Financial technology M&A deal activity got a boost in February as French payments company Worldline SA agreed to buy its peer Ingenico Group SA for $8.51 billion. This is the largest European fintech M&A deal of the past 12 months, and it will create the fourth-largest payment services business in the world, according to the two companies.
Worldline made no secret of the fact that it was on the acquisition trail when Deputy CEO Marc-Henri Desportes spoke to S&P Global Market Intelligence on the sidelines of the Money2020 Europe conference in Amsterdam in June 2019. Fresh from the company's $2.89 billion purchase of Swiss-based SIX Payment Services in late 2018, Desportes hinted that Worldline had another big deal in the pipeline, and predicted that the European payments market was set for a wave of consolidation in the coming year.
This turned out to be correct, with the European market seeing several other deals over the $1 billion mark in the second half of 2019. These include Italian payment processor Nexi SpA's $1.11 billion acquisition of Italian bank Intesa Sanpaolo SpA and another deal by Worldline, the $1.19 billion purchase of Dutch payment processor equensWorldline SE.
In North America, Visa Inc.'s $4.90 billion acquisition of fintech startup Plaid Inc. in January caught the attention of the global fintech community, not least because of its large price tag.
S&P Global Market Intelligence research found that while Plaid may appear small compared to Visa's $440 billion enterprise value, in fintech startup terms, the deal is an unusually large one.
San Francisco-based Plaid, which is less than 10 years old, specializes in application programming interfaces, or APIs. APIs are a crucial are a a piece of technology in Open Banking, effectively acting as an information "middleman" between banks and third parties, such as fintechs.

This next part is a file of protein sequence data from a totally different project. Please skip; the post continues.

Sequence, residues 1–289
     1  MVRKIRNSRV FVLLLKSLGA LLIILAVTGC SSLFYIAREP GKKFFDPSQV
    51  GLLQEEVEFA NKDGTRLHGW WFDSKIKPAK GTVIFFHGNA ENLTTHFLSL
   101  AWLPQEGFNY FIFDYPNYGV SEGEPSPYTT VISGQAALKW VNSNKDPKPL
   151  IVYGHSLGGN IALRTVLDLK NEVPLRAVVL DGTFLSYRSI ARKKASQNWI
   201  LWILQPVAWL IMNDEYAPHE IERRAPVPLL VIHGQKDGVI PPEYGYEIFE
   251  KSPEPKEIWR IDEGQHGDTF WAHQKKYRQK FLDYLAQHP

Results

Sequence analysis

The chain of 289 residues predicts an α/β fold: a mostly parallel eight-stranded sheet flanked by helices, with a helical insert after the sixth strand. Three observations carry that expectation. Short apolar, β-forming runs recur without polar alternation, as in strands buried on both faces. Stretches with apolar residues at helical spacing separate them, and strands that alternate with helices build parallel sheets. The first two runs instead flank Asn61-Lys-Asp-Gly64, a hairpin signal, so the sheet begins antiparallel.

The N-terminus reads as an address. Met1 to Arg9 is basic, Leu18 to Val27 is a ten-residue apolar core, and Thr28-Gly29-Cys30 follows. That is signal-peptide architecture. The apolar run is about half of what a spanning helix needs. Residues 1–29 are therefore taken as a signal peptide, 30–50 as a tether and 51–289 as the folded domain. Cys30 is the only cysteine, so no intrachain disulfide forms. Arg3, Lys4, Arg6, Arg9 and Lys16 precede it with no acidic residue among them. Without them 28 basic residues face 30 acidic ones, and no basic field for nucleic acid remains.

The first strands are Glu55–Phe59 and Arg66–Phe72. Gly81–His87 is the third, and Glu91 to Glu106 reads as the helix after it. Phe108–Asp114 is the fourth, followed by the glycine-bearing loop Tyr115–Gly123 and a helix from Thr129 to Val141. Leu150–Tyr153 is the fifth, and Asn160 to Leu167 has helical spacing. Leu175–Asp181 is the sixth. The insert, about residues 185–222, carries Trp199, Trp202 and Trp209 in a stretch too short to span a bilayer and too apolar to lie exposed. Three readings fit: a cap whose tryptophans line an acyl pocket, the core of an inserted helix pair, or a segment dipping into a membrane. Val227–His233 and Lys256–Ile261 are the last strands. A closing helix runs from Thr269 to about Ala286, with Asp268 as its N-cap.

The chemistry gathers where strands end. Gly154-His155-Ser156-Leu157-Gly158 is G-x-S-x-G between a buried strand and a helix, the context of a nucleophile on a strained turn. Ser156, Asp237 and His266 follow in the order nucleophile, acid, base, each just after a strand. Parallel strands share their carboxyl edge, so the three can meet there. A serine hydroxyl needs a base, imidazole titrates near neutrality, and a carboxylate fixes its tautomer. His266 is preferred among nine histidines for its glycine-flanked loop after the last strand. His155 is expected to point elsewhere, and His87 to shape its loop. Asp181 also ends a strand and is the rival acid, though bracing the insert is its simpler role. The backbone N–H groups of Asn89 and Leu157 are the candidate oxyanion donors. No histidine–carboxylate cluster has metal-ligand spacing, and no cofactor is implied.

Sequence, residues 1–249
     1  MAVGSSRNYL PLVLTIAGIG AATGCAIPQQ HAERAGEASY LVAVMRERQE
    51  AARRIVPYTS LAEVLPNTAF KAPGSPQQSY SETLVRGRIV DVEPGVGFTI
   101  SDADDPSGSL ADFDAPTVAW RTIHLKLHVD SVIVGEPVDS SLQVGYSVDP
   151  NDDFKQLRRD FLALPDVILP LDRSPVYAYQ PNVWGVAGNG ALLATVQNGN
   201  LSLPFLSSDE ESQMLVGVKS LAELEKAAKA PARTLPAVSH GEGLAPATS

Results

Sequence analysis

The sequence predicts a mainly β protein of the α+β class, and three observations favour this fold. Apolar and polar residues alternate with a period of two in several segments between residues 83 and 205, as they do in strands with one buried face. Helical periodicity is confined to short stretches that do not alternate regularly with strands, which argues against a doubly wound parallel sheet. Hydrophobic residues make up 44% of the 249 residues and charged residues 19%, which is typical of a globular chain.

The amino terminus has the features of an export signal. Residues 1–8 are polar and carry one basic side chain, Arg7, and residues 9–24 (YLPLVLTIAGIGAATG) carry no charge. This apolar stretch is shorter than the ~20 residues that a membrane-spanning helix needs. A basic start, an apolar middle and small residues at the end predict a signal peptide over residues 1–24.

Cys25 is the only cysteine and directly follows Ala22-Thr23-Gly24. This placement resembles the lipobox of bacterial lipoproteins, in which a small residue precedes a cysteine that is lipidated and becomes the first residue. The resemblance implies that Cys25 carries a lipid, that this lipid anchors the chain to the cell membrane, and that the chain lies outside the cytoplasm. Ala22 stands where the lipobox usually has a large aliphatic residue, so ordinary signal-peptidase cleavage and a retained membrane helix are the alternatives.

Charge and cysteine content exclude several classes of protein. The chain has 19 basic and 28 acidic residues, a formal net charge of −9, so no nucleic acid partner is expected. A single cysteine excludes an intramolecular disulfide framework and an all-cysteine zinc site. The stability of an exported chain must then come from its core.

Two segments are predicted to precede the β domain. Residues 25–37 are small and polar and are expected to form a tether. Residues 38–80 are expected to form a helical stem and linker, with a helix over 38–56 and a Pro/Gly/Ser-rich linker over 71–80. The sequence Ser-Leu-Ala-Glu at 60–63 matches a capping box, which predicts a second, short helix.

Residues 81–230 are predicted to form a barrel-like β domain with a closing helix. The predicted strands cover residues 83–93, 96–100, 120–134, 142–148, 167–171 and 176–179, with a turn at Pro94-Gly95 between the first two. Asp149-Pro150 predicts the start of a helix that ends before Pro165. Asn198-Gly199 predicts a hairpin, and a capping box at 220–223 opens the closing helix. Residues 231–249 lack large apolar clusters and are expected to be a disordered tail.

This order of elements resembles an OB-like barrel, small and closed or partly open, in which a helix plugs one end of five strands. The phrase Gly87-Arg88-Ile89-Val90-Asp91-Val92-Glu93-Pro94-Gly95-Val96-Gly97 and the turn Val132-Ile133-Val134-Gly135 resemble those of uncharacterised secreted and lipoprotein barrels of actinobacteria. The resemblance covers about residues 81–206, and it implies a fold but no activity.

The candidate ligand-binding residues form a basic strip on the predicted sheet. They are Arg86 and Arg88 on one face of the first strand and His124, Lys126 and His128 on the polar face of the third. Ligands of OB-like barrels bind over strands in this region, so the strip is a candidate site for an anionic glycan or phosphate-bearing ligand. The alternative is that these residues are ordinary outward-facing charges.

Incumbent financial institutions are taking an increasing interest in APIs. Based on an analysis of earnings transcripts, APIs were barely mentioned in 2011, but were spoken about regularly from 2016 through 2019. Plaid is in prime position to capitalize on this growing interest, which goes some way to explaining the high price Visa paid for it, according to S&P Global Market Intelligence research.
Banks and other large financial institutions are realizing that they need to take steps to keep up with technology, and many are increasingly open to doing this via M&A rather than trying to develop their own solutions in-house, according to Jennifer DePalma, counsel at law firm King & Spalding.
"We see a continued willingness to look outside the organization for new technology," DePalma said in an interview.
Payments, specifically solutions for smaller businesses, are a segment that is especially ripe for M&A in 2020, she said.
Personal investment is another area to watch, with companies that help people invest "in a tech-focused way" likely to emerge as a potential M&A targets in the coming year, DePalma said.
The Worldline and Visa deals, while large, follow in the wake of a record-setting year for fintech M&A in 2019. In January of that year, Fiserv Inc. announced its $21.79 billion acquisition of First Data, and in February, a private investor group announced it was acquiring The Ultimate Software Group Inc. for $10.97 billion.